I'm tried to importing an Esri shapefile into GRASS GIS using both v.in.ogr and v.in.import however methods fail with the following error message:

WARNING: Table <roadsSriLanka> linked to vector map <roadsSriLanka> does
         not exist
Creating attribute table for layer <edges>...
DBMI-SQLite driver error:
Error in sqlite3_prepare():
near "from": syntax error

DBMI-SQLite driver error:
Error in sqlite3_prepare():
near "from": syntax error

ERROR: Unable to create table: 'create table roadsSriLanka (cat integer,
       access varchar ( 80 ), bridge varchar ( 80 ), from varchar ( 80 ),
       highway varchar ( 80 ), junction varchar ( 80 ), key varchar ( 80 ),
       landuse varchar ( 80 ), lanes varchar ( 80 ), length varchar ( 80 ),
       maxspeed varchar ( 80 ), name varchar ( 161 ), oneway varchar ( 80
       ), osmid varchar ( 231 ), ref varchar ( 80 ), service varchar ( 80
       ), to varchar ( 80 ), tunnel varchar ( 80 ), width varchar ( 80 ))'

This shapefile was downloaded using the OSMnx Python package. I used another file which I downloaded using the same which imported without an issue

  • 2
    Your shapefile seems to have an attribute "from" that is a reserved keyword for SQL. GRASS should generate a bit different SQL with double quotation marks create table (... "from" varchar (80),. That may be considered as a bug but it requires more research. As a workaround try to rename the attribute into for example x_from.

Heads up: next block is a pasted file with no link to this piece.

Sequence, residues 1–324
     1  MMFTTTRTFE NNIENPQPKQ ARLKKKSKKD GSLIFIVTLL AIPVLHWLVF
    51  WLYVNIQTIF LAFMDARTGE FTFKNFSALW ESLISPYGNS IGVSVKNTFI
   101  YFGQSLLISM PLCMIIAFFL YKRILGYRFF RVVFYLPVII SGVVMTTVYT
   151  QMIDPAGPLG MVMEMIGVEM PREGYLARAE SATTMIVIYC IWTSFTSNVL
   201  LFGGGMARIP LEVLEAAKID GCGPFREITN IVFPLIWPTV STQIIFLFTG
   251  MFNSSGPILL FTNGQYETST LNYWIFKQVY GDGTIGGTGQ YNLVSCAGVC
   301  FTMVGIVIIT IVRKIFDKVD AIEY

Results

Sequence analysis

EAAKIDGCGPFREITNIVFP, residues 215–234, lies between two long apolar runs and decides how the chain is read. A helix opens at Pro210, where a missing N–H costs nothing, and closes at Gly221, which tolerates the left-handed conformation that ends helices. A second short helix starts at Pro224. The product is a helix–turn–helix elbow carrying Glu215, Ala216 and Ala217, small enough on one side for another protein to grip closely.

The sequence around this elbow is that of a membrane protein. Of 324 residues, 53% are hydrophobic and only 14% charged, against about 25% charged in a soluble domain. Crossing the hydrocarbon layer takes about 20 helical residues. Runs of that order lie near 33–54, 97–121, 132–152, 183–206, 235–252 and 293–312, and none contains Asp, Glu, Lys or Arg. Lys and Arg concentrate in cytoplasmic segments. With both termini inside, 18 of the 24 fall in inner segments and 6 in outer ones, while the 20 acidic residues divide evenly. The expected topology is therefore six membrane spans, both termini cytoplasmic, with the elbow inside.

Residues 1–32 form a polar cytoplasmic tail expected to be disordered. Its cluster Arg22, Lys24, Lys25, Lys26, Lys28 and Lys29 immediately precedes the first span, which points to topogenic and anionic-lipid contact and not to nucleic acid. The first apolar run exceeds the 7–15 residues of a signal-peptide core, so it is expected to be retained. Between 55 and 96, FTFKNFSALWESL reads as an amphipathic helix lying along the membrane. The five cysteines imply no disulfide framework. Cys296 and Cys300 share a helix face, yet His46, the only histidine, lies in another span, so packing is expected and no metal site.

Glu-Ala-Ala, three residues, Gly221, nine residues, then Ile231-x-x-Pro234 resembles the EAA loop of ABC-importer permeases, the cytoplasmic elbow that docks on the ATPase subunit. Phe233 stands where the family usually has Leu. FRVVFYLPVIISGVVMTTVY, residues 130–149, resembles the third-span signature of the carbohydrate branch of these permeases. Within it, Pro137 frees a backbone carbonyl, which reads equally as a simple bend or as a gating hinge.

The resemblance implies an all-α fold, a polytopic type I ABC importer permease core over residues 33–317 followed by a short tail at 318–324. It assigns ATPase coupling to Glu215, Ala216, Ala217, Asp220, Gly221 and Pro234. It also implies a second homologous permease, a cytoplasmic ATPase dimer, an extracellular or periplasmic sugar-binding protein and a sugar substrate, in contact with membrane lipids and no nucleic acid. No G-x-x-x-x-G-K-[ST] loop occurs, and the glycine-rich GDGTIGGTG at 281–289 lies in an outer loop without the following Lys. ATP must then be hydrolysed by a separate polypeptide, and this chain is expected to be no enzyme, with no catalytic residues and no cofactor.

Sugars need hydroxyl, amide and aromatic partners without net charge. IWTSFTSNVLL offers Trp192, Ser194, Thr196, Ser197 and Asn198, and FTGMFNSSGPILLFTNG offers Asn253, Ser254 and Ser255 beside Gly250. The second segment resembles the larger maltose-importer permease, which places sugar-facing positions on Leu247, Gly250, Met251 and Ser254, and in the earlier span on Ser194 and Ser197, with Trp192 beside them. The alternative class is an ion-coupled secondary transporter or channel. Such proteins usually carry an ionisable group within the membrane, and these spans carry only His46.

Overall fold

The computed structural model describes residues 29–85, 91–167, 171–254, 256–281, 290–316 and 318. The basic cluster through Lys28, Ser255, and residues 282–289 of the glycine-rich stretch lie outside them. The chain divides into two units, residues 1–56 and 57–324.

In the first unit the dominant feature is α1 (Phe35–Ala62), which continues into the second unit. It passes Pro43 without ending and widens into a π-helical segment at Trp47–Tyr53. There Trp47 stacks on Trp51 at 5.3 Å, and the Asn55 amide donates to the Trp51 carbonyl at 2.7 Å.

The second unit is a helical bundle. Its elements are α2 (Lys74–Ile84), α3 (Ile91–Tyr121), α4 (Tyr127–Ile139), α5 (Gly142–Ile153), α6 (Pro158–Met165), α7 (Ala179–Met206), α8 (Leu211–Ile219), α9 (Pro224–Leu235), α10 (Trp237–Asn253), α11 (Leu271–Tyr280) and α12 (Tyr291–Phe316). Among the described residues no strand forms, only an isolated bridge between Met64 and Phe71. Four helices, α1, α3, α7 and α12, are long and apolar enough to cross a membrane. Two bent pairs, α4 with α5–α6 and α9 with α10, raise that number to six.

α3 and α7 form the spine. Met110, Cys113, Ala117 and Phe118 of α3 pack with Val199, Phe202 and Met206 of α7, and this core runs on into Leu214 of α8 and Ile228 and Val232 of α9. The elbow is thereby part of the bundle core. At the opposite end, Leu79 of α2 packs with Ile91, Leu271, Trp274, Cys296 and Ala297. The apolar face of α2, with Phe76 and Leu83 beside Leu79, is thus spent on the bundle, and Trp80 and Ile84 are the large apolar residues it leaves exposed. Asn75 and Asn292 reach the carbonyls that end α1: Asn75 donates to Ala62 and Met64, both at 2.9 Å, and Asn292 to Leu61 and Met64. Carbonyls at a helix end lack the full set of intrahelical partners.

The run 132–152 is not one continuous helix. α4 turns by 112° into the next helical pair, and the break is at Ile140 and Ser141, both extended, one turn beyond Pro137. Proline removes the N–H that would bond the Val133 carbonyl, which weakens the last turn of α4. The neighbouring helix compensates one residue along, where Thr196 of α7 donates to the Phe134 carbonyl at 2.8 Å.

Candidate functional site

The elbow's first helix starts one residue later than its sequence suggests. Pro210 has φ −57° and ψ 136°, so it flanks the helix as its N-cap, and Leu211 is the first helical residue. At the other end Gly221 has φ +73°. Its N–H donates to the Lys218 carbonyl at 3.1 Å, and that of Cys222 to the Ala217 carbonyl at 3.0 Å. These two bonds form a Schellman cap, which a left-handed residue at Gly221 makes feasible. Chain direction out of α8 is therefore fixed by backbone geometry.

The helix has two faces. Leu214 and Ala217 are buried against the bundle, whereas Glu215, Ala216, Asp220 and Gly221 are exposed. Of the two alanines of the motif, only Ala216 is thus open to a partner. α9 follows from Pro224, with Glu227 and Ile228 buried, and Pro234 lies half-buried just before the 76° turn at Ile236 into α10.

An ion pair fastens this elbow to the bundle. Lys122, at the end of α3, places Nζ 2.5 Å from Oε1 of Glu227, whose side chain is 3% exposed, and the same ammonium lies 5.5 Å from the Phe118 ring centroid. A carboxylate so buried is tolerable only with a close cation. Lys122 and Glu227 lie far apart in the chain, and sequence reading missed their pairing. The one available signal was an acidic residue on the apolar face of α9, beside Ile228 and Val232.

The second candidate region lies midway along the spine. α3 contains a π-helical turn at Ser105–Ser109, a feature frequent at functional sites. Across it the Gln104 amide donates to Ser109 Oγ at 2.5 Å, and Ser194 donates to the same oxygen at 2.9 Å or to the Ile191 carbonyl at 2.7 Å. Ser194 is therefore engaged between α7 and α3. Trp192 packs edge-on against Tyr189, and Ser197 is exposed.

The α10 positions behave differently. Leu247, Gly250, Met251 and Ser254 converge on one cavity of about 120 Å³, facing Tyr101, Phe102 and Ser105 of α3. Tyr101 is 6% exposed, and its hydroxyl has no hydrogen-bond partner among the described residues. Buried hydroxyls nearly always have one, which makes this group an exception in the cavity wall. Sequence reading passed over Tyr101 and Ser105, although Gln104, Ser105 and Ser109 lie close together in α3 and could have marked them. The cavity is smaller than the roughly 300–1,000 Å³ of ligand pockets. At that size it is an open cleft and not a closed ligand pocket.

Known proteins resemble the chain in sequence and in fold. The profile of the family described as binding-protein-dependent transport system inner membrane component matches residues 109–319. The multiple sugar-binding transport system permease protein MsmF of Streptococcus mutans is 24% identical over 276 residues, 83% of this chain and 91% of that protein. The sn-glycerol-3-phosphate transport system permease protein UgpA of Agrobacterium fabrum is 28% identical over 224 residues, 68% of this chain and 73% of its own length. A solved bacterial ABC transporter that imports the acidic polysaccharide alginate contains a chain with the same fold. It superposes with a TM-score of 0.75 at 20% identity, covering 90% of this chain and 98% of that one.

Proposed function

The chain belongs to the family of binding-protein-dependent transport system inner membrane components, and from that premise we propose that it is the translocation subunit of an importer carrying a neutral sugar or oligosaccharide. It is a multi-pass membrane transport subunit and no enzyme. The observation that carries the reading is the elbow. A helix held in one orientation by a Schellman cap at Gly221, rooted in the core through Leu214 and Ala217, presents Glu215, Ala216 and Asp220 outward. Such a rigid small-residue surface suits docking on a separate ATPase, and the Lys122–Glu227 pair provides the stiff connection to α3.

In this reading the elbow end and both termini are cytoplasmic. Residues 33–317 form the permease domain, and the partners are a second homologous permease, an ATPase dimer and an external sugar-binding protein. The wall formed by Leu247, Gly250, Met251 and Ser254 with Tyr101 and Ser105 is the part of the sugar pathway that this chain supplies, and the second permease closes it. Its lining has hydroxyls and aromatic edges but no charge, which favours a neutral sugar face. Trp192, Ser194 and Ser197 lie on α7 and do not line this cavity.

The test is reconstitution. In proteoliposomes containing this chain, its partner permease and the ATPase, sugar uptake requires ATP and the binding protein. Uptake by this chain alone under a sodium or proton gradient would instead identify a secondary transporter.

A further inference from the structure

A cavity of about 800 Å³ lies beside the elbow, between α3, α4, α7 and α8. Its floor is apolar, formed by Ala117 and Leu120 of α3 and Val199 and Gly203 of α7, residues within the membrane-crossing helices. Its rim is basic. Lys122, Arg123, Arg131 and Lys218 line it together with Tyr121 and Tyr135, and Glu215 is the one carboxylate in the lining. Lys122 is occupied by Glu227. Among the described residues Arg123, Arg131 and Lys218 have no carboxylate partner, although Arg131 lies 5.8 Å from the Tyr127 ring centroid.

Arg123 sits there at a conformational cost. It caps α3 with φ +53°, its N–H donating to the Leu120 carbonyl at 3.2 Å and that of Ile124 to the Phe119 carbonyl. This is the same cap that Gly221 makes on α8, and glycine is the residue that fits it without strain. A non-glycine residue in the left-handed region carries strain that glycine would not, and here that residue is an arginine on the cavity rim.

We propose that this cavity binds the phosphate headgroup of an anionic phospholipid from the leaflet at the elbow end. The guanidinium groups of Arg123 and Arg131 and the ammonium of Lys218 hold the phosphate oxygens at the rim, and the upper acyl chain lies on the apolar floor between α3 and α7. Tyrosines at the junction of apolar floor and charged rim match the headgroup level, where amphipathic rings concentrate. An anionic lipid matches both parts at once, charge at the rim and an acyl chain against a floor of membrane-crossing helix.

– user30184
    Aug 7, 2019 at 11:29
  • Thank you @user30184. This solved the problem!
    – Nandula
    Aug 8, 2019 at 9:36

1 Answer 1


By looking at the error message the failure occurs when GRASS (or GDAL/OGR) is trying to create a SQLite table. The SQL create table statement is included in the message, and the error is pointed to happen somewhere near to "from".

The case can be simplified into

CREATE TABLE foo (from);

The command will fail and throw the error message near "from": syntax error because from is a reserved keyword in SQL and it can't be used as an attribute name with that syntax. See the list of 140 currently reserved keywords in SQLite.

The create table statement would work if the reserved keyword was enclosed between double quotation marks for making it into quoted identifier

CREATE TABLE foo ("from");

Because you can't change the behavior of GRASS or GDAL without changing the program code the best you can do is to use a workaround and rename the offending shapefile attribute "from" into some not reserved name, like "x_from".

Your Answer

By clicking “Post Your Answer”, you agree to our terms of service and acknowledge you have read our privacy policy.

Not the answer you're looking for? Browse other questions tagged or ask your own question.